More than 50 years after the term "data science" was coined, there continues to be a debate about its precise definition and what a career in data science entails.
This debate too often consists of opinions, personal and professional biases, and anecdotal evidence. Surprisingly, very rarely is it backed up by actual data or data with a sample size that is big enough (a data science question in itself).
RJMetrics has just released a first comprehensive report on the state of data science. It is based on millions of LinkedIn profiles and provides definitive answers to many of the questions posed by data science practitioners and aspiring data scientists alike.
Here are a few of the highlights:
- There are roughly 11,400 to 19,400 people who identify themselves as data scientists in the world today.
- 6,300, or 55%, of identified data scientists are located in the United States, with the United Kingdom, India, France, Canada, the Netherlands, Germany, Spain, Australia and Israel closing out the top 10.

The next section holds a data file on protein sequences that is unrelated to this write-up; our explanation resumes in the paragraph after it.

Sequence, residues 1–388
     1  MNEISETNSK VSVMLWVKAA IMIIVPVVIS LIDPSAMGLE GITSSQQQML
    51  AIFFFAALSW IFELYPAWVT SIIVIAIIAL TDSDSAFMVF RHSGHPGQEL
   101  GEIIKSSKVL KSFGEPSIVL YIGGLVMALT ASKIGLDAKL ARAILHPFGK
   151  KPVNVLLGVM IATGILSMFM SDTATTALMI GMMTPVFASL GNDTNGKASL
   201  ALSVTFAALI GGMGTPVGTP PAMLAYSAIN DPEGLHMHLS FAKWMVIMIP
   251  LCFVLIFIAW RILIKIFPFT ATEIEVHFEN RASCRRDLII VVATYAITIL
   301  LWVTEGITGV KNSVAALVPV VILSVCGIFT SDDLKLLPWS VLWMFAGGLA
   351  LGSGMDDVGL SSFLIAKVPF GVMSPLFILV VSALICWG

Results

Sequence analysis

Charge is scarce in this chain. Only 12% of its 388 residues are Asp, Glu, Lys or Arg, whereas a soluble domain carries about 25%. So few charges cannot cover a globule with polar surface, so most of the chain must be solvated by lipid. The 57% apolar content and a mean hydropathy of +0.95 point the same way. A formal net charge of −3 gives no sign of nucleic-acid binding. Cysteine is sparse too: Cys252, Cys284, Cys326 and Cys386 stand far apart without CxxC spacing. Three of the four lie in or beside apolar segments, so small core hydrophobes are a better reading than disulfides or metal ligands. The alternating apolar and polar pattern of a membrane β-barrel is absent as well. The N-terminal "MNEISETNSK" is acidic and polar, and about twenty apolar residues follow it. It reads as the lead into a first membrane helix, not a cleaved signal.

- The number of data scientists has doubled over the last 4 years.
- Over 79% of data scientists that list their education have earned a graduate degree, and 38% have earned a PhD.
- The majority of data scientists come from STEM graduate-level backgrounds, with Computer Science, Statistics, Mathematics and Physics leading the way. However, there are significant differences at the Master’s and PhD levels.
- The top five skills listed by data scientists are: data analysis, R, Python, data mining, and machine learning.
Read on to see what actual data says about data science.